Your Cornea Decides if LASIK is Right for You
- Posted on: Feb 14 2021
Throughout the past several years, millions of people have undergone the LASIK laser vision correction procedure. This popular procedure is performed about700,000 times a year. Because laser vision correction has a strong history of success, many people who are ready to toss their glasses or contact lenses consider whether they are good candidates. One of the primary qualifying factors is corneal thickness. Here, we discuss why.
LASIK and Corneal Thickness
Patients who visit Silverstein Eye Center can expect a thorough consultation and examination to determine whether LASIK is right for them. One of the vital aspects of the pre-screening process is to measure corneal thickness. Why? It comes down to safety. Studies have indicated that the LASIK procedure could cause irreparable damage to the cornea or eye if this small piece of tissue is too thin.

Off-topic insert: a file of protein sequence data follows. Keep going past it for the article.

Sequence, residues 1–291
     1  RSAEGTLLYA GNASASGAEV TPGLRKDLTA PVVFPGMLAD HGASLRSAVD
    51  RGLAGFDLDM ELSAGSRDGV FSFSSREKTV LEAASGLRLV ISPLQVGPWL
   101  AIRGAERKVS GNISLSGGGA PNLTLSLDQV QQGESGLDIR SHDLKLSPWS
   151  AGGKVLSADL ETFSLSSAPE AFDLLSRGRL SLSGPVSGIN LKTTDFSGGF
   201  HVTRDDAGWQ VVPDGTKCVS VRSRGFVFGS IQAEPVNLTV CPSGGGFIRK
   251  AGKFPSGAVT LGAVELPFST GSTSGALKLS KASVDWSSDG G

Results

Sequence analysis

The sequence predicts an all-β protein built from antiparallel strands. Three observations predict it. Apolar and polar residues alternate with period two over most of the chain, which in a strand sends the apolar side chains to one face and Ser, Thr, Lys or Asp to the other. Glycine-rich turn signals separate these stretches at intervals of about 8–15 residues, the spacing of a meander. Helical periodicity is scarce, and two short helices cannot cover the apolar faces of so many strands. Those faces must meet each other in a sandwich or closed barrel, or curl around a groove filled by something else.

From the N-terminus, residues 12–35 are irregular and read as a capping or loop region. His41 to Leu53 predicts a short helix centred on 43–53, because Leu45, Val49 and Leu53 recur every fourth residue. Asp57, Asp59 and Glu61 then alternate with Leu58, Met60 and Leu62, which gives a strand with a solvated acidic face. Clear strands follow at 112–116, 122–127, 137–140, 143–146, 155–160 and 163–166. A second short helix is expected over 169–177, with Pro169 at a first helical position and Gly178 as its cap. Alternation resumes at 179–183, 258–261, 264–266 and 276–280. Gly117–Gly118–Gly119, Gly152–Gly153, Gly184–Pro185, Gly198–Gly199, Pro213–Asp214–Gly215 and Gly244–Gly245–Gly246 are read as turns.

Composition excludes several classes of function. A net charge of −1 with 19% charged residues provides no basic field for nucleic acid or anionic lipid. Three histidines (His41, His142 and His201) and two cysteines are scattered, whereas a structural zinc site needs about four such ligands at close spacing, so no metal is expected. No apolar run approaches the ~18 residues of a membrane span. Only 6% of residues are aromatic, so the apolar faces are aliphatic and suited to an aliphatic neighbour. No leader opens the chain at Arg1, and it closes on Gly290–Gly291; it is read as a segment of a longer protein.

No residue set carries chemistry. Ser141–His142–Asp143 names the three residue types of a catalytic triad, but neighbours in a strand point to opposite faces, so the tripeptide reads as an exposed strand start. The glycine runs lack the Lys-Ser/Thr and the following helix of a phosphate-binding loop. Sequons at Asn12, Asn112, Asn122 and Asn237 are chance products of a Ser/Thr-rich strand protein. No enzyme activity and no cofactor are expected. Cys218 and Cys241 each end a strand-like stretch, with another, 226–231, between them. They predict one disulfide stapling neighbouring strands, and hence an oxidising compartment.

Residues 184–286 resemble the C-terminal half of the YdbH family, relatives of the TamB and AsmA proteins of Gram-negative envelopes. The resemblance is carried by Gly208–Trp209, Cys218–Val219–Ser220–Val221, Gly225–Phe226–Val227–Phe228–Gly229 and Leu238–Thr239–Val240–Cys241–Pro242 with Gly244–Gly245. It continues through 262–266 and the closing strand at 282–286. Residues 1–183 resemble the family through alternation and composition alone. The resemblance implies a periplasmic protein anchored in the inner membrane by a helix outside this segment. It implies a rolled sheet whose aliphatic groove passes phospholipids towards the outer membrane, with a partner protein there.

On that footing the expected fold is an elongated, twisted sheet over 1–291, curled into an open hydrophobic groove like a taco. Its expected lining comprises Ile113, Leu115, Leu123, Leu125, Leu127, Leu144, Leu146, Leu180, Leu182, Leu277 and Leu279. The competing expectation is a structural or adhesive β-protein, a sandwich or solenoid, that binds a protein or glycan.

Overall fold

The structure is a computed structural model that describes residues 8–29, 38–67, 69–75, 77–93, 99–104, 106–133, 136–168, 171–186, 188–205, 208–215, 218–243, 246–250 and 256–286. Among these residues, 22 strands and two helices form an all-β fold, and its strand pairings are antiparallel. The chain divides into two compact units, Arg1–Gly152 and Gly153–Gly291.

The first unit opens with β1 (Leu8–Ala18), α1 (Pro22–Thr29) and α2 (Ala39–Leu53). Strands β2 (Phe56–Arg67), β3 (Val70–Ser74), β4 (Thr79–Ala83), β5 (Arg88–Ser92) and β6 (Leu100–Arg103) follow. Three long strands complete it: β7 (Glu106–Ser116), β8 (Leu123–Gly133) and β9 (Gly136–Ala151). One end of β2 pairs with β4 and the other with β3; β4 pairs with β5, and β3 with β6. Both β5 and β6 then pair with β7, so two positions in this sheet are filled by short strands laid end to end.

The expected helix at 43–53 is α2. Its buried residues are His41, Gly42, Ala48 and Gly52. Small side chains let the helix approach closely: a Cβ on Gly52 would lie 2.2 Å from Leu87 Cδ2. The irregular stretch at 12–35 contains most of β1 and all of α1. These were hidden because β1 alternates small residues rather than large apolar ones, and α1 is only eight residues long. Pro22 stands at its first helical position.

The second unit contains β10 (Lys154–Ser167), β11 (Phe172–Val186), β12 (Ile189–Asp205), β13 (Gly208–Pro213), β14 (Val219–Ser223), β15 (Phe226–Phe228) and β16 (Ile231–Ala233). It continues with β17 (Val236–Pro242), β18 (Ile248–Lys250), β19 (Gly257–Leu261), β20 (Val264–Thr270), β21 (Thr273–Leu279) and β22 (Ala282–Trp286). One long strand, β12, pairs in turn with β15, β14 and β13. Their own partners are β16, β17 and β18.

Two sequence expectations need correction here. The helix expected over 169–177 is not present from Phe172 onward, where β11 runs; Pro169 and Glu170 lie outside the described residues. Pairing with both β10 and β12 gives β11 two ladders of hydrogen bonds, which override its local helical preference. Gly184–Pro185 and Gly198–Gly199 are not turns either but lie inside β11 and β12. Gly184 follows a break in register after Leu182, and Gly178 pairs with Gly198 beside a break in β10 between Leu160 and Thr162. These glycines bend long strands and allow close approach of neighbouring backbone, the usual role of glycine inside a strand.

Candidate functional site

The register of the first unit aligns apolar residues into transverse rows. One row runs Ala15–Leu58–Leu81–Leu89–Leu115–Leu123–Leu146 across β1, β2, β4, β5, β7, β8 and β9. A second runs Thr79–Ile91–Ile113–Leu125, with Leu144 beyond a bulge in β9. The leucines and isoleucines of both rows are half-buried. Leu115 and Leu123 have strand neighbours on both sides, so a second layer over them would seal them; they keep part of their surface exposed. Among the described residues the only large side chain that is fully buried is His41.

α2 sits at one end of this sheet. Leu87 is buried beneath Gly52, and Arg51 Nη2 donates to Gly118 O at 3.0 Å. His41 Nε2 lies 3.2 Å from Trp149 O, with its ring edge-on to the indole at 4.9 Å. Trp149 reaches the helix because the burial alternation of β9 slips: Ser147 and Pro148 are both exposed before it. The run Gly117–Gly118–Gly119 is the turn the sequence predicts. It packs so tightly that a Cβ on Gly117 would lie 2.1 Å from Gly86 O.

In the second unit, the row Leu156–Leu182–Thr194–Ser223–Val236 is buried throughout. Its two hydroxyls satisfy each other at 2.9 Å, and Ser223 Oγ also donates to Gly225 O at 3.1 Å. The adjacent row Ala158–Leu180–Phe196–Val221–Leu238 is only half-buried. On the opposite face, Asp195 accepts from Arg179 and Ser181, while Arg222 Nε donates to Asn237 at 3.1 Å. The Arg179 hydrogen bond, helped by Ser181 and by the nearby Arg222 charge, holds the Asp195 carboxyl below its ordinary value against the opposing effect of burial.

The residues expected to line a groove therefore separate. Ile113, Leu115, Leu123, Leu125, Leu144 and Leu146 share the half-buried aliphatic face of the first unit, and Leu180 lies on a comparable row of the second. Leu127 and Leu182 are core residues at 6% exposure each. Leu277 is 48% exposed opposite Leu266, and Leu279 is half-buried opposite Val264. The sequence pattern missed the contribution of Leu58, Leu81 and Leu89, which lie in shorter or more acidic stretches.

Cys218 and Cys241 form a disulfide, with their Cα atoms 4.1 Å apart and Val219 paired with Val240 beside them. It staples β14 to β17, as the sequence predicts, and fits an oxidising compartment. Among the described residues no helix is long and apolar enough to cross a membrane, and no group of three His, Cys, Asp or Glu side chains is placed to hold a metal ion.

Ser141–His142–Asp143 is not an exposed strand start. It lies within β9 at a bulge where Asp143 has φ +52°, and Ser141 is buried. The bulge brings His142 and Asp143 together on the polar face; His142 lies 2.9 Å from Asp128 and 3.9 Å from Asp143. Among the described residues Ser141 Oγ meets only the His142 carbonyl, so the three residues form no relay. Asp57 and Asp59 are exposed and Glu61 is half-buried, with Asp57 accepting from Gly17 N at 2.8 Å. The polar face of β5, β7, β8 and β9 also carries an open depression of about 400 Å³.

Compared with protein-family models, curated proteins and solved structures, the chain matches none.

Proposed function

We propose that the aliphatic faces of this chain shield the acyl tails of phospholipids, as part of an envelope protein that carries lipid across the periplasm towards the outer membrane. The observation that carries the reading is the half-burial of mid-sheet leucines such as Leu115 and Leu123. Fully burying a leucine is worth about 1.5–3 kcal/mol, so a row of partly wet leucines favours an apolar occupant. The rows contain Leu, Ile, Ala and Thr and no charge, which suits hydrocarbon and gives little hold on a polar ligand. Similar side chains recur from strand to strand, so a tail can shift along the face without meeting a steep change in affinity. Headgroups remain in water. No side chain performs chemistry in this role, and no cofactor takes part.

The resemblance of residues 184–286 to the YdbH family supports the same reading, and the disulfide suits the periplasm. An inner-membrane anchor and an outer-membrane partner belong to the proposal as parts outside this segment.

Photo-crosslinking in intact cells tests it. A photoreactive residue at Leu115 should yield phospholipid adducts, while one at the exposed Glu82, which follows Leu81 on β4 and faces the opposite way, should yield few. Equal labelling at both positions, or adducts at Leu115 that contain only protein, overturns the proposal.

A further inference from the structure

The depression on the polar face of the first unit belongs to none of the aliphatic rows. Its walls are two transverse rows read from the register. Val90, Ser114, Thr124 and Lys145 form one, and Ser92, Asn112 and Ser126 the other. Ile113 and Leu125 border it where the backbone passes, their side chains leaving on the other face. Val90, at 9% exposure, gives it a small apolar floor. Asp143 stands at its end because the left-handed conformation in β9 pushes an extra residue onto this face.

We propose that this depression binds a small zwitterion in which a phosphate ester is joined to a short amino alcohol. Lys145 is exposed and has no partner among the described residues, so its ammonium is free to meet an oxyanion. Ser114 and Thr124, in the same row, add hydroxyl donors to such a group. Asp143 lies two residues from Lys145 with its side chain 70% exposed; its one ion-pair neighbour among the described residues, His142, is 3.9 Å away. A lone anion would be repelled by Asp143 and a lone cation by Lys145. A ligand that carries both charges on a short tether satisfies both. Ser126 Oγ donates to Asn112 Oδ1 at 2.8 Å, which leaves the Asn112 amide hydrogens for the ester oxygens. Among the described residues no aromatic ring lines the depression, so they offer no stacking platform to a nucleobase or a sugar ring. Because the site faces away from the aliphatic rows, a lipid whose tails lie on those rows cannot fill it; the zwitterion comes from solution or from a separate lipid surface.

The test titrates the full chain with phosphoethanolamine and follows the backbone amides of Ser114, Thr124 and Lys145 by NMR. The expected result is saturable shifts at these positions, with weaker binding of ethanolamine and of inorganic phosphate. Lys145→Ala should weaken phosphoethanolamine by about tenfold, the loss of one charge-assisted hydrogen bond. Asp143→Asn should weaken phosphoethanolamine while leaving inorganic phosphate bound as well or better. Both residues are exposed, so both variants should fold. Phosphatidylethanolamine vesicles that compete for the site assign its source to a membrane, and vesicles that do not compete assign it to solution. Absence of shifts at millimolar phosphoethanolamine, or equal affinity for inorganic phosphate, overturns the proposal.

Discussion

The Corneal Flap
During the LASIK procedure, the surgeon uses a precise laser device to create a small flap in the cornea at the front of the eye. This layer of tissue covers the body of the cornea, called the corneal stroma. It is this inner structure that the surgeon reshapes to correct the existing refractive error. The reshaping of the corneal stroma results in a slight amount of thinning of this part of the eye. The average corneal flap measures approximately 110 microns in thickness. Each diopter of vision correction results in thinning of approximately 16 microns. Therefore, we must ensure that sufficient thickness will remain after the procedure. We do this by confirming corneal thickness is between 500 and 600 microns.
What If My Cornea is Too Thin for LASIK Laser Eye Surgery?
Board-certified ophthalmologists are fully trained in the specialized services available for a multitude of vision and eye problems. While LASIK has its advantages, an ophthalmologist understands that alternatives must be explored in some situations. For the patient with thin corneas, Dr. Silverstein may consider the photorefractive keratectomy (PRK) procedure. PRK was the most commonly performed refractive surgery procedure before LASIK was developed. For patients with thin corneas or large pupils, PRK may be ideal.
Posted in: LASIK